If you’re a service-based business, it’s likely that your customers send an enquiry first, and if the sale is successful, pay an invoice later. Unfortunately, because the sale isn’t immediate, Google Ads doesn’t store the revenue, so you’ll need to calculate the ROI manually. You can use the same formula as above, but you’ll need to grab the revenue and cost of goods sold values from whichever accounting system you’re using.

Once you’ve calculated the ROI of each of your adverts, you’ll know which of them are performing well, which need improvements, and which may need to be scrapped.

Calculating ROI before you create a Google ads campaign

If you’re still deciding whether to use Google Ads for your business, it’s highly recommended to calculate your potential ROI before you make the decision, as it can save you a lot of time and money. 

To calculate potential ROI for a service-based business, you need to identify your cost per customer, your gross profit from new customers, and then use those two values to calculate your ROI.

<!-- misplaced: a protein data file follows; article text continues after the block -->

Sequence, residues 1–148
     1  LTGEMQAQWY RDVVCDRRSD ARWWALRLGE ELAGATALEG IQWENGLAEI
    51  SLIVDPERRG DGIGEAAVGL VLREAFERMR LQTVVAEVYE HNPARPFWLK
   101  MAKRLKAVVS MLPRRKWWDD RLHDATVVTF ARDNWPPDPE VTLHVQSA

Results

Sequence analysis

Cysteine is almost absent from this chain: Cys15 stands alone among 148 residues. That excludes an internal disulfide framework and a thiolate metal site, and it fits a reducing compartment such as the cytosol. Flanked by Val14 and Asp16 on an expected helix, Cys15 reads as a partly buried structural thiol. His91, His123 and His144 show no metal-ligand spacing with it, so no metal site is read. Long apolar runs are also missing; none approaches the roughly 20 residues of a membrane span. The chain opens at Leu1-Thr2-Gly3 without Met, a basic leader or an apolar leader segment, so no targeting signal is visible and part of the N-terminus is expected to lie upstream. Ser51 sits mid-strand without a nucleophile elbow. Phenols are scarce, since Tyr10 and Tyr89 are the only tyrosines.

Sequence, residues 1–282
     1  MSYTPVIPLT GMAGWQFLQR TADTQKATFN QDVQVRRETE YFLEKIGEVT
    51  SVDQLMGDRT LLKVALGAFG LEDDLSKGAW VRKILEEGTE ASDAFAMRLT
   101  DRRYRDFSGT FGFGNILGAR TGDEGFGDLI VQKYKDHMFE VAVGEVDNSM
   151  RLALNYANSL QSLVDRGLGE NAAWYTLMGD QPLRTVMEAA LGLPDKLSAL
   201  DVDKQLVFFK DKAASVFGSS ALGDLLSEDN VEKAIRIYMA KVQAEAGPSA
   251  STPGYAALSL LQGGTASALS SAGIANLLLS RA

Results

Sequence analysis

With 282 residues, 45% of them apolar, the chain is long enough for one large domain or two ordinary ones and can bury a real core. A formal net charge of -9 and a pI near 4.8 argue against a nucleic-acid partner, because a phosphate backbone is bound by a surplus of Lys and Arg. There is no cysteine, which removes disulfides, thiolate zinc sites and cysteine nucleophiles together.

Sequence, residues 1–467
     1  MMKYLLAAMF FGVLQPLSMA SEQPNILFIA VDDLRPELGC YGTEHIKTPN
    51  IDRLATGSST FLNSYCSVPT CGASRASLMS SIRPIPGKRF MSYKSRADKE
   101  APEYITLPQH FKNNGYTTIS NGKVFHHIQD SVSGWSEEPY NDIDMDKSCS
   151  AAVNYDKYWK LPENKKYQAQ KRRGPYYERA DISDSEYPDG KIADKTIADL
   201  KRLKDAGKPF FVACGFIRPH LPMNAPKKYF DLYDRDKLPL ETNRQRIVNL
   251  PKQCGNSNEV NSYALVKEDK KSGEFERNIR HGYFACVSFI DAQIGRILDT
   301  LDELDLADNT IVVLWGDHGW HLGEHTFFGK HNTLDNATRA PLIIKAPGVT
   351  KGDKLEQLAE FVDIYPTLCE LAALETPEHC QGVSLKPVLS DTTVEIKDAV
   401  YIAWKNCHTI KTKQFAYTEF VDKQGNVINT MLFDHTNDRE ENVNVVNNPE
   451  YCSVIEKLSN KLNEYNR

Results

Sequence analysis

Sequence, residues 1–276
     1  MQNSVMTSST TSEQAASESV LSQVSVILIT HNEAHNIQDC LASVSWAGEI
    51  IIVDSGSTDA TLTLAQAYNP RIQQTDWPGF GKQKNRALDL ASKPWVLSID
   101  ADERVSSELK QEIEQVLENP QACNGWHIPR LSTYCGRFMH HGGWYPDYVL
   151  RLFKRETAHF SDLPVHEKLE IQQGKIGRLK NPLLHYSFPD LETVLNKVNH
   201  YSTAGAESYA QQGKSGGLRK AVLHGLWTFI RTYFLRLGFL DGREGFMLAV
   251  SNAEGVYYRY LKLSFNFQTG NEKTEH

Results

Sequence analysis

1. Calculate your cost per customer

A. Get the CPC

Get the average CPC for your target keyword and audience. This might be $5, for example.

B. Identify your lead conversion rate

Identify the average lead conversion rate for your landing page. If you have goal tracking set up for the page, this will provide you with the number. Alternatively, try to estimate what percentage of people convert when reaching the page, as accurately as you can (small change in lead conversion rate can make big differences in profit).

For this example, we’ll use 5% for your lead conversion rate.

C. Calculate your cost per lead

Calculate cost per lead with the following formula: (CPC / lead conversion rate) x 100. 

In our example, this would be (5 / 5) x 100, which comes to $100.

D. Identify your sales conversion rate

Identify how many of your leads you convert to sales. If you use a CRM such as Hubspot, you should have access to this date. Alternatively, try to estimate what percentage of people you convert from leads to sales.

We’ll use 25% for our example.

E. Calculate your cost per customer

Calculate your cost per customer with the following formula: (Cost per lead / sales conversion rate) x 100.

In our example, this would be (100 / 25) x 100, which comes to $400.

Calculate your gross profit from new customers

Now that you have your cost per customer, you need to calculate your gross profit from new customers.

A. Identify your average sale to new customers